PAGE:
Rhythm, Relationship, Reckoning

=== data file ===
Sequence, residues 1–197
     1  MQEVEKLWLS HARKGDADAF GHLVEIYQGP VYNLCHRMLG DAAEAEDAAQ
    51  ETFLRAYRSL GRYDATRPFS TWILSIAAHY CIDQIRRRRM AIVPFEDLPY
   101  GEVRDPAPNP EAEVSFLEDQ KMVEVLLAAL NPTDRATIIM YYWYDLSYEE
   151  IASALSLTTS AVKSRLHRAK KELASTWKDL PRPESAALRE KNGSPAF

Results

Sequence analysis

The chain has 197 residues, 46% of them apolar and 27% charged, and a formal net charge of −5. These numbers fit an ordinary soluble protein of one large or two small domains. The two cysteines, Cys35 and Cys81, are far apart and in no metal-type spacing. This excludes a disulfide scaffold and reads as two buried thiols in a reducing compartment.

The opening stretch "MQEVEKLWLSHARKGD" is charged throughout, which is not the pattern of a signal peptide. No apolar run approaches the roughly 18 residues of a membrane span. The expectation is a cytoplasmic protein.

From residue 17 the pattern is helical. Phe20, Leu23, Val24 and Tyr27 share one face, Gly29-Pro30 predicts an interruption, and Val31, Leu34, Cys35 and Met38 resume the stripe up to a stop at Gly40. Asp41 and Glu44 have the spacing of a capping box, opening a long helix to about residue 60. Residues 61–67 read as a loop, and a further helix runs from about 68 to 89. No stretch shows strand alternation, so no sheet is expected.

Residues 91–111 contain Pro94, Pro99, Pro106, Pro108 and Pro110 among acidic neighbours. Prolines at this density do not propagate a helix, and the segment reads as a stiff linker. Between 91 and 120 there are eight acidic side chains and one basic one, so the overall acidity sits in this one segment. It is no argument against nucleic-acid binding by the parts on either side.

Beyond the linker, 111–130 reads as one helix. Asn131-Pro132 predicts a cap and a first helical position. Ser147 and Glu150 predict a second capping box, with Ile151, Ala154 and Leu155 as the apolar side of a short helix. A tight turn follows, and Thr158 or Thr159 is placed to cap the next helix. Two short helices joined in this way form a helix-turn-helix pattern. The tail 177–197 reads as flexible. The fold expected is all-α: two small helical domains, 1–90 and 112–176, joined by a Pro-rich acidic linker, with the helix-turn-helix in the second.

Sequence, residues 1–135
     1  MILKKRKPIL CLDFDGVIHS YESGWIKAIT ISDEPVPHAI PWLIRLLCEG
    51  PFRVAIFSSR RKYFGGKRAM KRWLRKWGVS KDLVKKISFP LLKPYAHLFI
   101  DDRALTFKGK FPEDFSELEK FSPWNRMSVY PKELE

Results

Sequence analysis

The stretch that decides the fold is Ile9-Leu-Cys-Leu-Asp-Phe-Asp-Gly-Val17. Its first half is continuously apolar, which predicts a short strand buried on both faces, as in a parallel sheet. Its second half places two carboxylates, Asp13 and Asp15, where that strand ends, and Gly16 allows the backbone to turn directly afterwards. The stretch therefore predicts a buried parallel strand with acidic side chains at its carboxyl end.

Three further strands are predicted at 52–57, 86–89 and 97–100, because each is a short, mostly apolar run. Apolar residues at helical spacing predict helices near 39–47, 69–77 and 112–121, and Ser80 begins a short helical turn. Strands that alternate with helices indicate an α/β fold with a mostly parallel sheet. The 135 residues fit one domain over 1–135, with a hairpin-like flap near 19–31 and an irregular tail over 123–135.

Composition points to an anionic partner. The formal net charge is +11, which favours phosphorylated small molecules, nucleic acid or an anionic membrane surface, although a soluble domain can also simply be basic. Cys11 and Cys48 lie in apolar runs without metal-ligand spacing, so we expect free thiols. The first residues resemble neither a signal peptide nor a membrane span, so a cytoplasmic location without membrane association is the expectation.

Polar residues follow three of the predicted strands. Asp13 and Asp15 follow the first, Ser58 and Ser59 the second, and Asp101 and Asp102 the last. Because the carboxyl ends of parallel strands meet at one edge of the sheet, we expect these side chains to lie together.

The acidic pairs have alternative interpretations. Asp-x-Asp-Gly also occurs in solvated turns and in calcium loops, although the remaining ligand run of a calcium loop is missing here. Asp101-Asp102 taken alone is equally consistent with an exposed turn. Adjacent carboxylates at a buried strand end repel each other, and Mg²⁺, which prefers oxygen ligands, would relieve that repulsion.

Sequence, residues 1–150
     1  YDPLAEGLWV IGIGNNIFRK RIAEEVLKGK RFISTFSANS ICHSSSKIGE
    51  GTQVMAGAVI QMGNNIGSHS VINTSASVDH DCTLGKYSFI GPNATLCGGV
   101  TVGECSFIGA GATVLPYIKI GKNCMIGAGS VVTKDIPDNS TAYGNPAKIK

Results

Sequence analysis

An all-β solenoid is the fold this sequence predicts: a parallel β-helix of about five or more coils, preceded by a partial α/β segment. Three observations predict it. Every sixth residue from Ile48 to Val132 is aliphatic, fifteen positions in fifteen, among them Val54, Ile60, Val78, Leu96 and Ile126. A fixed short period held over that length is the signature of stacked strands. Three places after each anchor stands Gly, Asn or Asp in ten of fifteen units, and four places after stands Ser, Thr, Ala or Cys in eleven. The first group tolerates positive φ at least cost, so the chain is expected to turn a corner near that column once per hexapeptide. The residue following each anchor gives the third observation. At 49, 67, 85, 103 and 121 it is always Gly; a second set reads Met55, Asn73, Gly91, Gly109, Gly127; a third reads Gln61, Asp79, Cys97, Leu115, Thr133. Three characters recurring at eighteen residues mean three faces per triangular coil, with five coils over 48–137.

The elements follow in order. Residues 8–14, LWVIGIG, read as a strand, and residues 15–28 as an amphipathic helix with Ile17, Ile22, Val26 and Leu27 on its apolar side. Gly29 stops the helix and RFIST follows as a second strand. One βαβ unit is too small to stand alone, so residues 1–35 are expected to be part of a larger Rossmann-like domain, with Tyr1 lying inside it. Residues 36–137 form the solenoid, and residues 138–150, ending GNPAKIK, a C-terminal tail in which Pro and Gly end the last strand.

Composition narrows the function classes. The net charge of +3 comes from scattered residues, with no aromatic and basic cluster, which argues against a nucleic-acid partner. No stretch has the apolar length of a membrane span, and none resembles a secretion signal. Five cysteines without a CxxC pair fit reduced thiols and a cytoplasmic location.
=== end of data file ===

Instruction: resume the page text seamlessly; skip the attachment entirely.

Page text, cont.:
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May 22, 2020 OneTable was about to embark on a full impact study with Benenson Strategy Group (BSG) when COVID-19 hit. In consultation with the Research Advisory Board, OneTable pivoted to a shorter, faster survey. We wanted to know: How is the OneTable community coping during this crisis? OneTable engaged BSG to field a pulse check survey to our community, and Sacred Design Lab and Designing Empathy to dive deep with journal entries and focus groups for a small sub-group of participants. These two studies were separate, but complementary. This resulting report is very informative and presents a picture of how challenging the virus has been in the lives of young adults. Nearly two thirds of survey participants (65%) know someone who has contracted or died from the virus. As can be expected during a crisis, there is an increased awareness of, and positive feelings toward, participants’ religious identities. Particularly important is their strong sense of being Jewish, and of incorporating Shabbat into their lives more regularly. The report also raised some important questions for us: What resilience underlies our community's feelings of luck and gratitude? What else are they grieving? We need to identify these sources of loss to help us understand what more OneTable can offer them. All of this just underscores to us the value — and implicit message of fostering a Jewish identity — OneTable is bringing to people’s lives. We are so thankful that these participants shared with us so generously, and we are eager to share what they’ve taught us in their own words. Signed, Dr. Barbara Schneider, on behalf of the OneTable Research Advisory Board